BRATISLAVA — At last, Bulgaria seems to be doing something about its notorious corruption problem, a necessary step to appease the European Union and keep billions of aid flowing into the Balkan country.
On Thursday, Bulgaria – the EU’s poorest and most corrupt member – scored its first high-profile conviction of a government official, an ex-agriculture honcho sentenced to four years in prison for allegedly stealing millions of EU funds.
I’m sure ordinary Bulgarians are delighted. Many have told me how angry and embarrassed they are about Bulgaria’s image, and how they despair that anything will ever change.
As I wrote then, Brussels was fed up with Sofia’s empty promises to crack down on “a smorgasbord of sleaze, including alleged vote-buying … shady financing of political parties, money laundering, and the failure to seize financial assets of purported gangsters. The final straw was an investigation of 35 EU-funded projects in Bulgaria – it found financial irregularities in all but one.”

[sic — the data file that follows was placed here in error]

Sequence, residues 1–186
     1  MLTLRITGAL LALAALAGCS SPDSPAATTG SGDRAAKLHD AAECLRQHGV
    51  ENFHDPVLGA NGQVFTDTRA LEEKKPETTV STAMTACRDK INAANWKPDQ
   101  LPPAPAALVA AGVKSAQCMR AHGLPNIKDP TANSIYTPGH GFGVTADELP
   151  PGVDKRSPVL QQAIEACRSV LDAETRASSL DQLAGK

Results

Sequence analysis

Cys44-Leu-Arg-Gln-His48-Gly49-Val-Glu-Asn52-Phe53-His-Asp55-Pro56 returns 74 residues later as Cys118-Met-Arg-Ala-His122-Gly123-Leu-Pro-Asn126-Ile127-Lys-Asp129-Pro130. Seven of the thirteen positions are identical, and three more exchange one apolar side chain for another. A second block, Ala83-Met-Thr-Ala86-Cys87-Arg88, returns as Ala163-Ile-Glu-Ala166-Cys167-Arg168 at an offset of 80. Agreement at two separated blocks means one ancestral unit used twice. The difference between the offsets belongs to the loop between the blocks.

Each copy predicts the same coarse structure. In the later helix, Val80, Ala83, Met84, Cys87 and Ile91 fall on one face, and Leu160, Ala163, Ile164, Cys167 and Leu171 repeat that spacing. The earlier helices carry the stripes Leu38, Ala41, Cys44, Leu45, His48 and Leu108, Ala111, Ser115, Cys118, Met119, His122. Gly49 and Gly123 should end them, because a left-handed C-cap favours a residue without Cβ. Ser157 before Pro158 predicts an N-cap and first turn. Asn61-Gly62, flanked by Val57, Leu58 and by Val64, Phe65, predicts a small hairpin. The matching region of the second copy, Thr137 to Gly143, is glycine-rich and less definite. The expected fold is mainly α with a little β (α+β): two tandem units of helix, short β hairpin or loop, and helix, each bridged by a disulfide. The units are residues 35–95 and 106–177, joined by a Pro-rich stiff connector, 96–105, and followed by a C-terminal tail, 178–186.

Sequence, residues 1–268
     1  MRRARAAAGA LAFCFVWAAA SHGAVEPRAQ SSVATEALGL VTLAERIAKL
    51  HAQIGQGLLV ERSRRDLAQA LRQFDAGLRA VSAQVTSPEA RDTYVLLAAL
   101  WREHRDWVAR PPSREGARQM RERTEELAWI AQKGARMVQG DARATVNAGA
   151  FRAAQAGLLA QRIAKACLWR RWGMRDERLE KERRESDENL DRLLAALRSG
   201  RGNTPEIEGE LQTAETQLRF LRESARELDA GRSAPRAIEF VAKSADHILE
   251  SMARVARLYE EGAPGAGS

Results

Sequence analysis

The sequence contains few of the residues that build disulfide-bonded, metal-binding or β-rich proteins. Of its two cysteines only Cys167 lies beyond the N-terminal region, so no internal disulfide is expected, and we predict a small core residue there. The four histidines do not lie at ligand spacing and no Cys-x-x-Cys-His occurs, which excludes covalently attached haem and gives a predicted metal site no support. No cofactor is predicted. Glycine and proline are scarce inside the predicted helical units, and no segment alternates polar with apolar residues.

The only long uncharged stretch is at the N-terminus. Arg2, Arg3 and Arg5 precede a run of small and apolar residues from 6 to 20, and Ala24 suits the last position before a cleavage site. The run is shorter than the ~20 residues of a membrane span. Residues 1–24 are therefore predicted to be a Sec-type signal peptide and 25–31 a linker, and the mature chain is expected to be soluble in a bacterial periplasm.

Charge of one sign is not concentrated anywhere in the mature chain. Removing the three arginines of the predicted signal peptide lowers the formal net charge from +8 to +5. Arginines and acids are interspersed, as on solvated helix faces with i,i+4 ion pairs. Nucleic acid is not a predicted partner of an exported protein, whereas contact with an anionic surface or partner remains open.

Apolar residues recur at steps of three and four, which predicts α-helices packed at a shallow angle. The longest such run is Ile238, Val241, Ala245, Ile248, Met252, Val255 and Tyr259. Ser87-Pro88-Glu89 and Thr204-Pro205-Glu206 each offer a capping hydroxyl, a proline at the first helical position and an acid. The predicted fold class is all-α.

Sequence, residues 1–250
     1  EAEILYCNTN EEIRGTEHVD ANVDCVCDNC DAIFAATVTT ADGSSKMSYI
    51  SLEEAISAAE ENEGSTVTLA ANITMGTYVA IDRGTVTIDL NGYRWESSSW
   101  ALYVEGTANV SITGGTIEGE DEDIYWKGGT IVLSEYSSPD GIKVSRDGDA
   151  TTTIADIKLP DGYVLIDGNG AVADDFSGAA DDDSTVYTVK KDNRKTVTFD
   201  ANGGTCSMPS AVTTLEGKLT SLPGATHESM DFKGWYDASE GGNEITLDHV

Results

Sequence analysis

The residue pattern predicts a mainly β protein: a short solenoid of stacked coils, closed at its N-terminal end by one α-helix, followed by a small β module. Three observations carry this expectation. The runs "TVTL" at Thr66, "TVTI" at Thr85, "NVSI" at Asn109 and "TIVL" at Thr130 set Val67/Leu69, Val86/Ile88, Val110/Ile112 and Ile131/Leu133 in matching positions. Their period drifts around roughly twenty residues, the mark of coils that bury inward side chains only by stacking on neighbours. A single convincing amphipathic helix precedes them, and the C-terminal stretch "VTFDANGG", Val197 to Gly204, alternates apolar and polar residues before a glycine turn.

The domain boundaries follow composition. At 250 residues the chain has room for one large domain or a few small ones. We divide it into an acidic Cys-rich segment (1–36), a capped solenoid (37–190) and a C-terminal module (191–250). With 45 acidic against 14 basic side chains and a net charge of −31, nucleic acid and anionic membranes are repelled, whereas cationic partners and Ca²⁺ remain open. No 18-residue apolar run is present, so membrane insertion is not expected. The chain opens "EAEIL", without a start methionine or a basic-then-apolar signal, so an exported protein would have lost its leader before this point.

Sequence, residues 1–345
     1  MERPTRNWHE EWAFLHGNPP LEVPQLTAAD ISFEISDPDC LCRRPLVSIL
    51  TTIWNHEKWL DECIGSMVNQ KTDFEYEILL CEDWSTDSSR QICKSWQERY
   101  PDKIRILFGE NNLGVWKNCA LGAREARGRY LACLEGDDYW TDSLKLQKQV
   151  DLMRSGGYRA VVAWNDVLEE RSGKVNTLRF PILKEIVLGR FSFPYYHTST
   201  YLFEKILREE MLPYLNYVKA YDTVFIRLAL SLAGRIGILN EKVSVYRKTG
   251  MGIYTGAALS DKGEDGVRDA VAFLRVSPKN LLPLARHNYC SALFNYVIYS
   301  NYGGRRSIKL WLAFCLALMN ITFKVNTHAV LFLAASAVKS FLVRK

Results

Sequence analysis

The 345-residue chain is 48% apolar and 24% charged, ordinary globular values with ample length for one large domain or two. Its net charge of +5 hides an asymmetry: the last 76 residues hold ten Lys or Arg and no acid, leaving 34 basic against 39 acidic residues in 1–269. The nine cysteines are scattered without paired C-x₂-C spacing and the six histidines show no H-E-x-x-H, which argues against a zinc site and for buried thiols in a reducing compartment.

What made this situation unique was Bulgaria had already been admitted to the EU in early 2007, raising the question: Once a country is in the club, how to react when a new member behaves badly? Worried about how aspiring members might view inaction, Brussels made an example out of Sofia, smacking it with an unprecedented punishment: $315 million in aid was withdrawn.
Bulgaria’s attitude shifted with last July’s election of Prime Minister Boyko Borisov, a former bodyguard and karate coach who vowed to get tough on corruption. Brussels has wanted Bulgarian authorities to send a message throughout society that lawlessness won’t be tolerated, and will continue to push for more “results,” one analyst in the capital tells me.
“Brussels knows Sofia cannot do this quick and will probably muddle through, but wants to at least see some progress,” says Ruslan Stefanov, of the Center for Study of Democracy. “Brussels trusts Sofia is serious this time.”